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Psalm 19:14

Let the words of my mouth
and the meditation of my heart
be acceptable to you, O Lord,
my rock and my redeemer.

Not just words

There was a generation of pastors who began their sermons with a spoken prayer and this verse. It feels archaic, now, but the truth of it abides. The words from the pulpit ought to be holy. They ought to be pleasing to God, faithful to God’s own Spirit and grace. Our parish has taken down our large old pulpit that stood several steps higher than the assembly. We have a single reading desk, now, using the lectern that once stood on the opposite side of the chancel from that pulpit. It is theologically correct to have only one place for the reading of the scriptures, instead of the practice of reading the first and second lessons from a lectern and the Gospel from a pulpit, for it is all word of God; it is all inspired of the Spirit; it is all a vessel of God’s encounter with his rebellious sons and daughters.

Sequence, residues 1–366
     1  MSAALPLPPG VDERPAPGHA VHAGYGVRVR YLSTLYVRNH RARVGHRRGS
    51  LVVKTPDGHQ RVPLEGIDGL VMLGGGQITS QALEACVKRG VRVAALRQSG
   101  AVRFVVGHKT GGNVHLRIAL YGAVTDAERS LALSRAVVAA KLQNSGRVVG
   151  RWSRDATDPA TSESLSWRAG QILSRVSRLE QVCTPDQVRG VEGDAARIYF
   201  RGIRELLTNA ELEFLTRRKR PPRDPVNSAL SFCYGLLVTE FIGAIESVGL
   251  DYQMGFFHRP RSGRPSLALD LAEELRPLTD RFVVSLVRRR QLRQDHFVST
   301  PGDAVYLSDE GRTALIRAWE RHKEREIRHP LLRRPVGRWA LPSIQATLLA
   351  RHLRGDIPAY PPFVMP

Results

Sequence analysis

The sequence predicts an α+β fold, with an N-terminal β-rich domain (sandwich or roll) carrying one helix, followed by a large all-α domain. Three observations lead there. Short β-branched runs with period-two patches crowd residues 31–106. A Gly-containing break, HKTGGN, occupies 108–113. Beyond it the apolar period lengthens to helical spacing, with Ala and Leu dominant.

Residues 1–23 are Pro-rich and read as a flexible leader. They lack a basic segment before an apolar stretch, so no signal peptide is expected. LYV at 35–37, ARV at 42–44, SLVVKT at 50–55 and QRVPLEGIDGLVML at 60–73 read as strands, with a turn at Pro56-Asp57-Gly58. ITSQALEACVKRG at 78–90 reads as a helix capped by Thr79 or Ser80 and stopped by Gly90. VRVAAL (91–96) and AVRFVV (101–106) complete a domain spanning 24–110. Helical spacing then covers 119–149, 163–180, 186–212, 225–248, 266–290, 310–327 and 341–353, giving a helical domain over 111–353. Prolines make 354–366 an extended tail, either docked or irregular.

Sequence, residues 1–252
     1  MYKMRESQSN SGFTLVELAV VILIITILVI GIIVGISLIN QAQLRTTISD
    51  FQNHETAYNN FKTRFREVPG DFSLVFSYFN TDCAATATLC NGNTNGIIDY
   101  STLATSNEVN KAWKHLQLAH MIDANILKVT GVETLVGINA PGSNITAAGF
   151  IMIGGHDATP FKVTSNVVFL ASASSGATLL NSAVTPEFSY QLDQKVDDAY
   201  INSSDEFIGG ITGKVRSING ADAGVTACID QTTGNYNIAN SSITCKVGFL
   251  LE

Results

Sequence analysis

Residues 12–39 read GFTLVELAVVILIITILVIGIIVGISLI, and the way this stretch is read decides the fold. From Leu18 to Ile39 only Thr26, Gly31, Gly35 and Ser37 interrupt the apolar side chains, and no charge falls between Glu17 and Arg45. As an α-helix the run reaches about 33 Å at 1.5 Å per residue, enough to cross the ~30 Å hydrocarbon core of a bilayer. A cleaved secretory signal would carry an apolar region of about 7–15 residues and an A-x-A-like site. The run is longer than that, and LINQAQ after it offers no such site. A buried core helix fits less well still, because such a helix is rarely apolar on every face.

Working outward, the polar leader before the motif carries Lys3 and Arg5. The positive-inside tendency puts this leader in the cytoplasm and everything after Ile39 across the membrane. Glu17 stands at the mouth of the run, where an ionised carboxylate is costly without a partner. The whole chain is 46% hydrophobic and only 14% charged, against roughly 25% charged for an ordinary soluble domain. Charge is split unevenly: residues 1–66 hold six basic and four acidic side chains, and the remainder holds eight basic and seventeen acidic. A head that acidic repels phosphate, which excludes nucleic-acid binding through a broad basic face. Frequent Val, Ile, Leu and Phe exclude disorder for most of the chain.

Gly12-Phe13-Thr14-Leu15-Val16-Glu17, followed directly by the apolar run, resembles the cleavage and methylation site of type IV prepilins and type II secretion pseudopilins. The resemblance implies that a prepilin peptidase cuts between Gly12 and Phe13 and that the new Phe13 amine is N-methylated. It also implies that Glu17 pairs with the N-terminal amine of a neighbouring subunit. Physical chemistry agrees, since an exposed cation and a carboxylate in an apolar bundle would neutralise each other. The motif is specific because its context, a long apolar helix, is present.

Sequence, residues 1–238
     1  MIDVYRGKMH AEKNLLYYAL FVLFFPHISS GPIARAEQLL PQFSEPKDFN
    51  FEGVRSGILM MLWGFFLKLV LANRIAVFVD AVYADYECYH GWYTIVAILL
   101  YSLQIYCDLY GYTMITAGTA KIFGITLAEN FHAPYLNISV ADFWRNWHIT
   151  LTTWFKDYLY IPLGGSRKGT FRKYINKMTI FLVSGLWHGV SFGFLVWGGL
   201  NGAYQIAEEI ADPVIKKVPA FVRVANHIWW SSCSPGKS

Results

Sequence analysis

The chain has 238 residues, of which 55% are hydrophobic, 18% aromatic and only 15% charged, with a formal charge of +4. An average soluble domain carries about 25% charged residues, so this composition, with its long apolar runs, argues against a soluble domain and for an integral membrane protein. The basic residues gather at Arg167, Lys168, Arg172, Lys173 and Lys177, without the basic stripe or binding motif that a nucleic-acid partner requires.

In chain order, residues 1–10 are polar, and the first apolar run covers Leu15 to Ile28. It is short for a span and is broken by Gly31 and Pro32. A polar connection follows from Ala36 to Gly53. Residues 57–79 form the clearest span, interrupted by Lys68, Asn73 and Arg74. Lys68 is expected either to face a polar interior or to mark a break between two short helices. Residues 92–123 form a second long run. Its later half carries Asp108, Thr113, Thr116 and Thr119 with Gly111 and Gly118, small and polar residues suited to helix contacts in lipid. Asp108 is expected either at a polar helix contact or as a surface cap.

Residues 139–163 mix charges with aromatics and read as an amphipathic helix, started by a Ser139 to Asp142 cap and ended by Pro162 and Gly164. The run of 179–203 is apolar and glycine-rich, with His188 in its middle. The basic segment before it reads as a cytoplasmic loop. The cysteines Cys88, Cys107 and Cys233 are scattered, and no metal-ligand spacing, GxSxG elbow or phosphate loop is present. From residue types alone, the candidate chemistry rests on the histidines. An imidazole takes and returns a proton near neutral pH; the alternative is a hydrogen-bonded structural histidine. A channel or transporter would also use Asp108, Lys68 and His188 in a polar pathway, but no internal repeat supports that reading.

But something of the sacred task can be lost without a pulpit. Preaching can drift towards entertainment or opinion or advice. “Three steps to a richer prayer life,” rather than an encounter through the text with the transcendent reality whose open hands bear the mark of nails even as they hold out to us the bread of life.

And what is true of preaching can also be true of our prayer. The Lord’s Prayer can be uttered in a rote and meaningless manner or with every word full of yearning, confidence and hope that God’s name might be holy and God’s will be done on earth and in me.

As we come now to walk together through these unique and wondrous days from Maundy Thursday to Easter morning, it is important to let the words of this psalm be upon our lips:

Let the words of my mouth
and the meditation of my heart
be acceptable to you, O Lord,
my rock and my redeemer.

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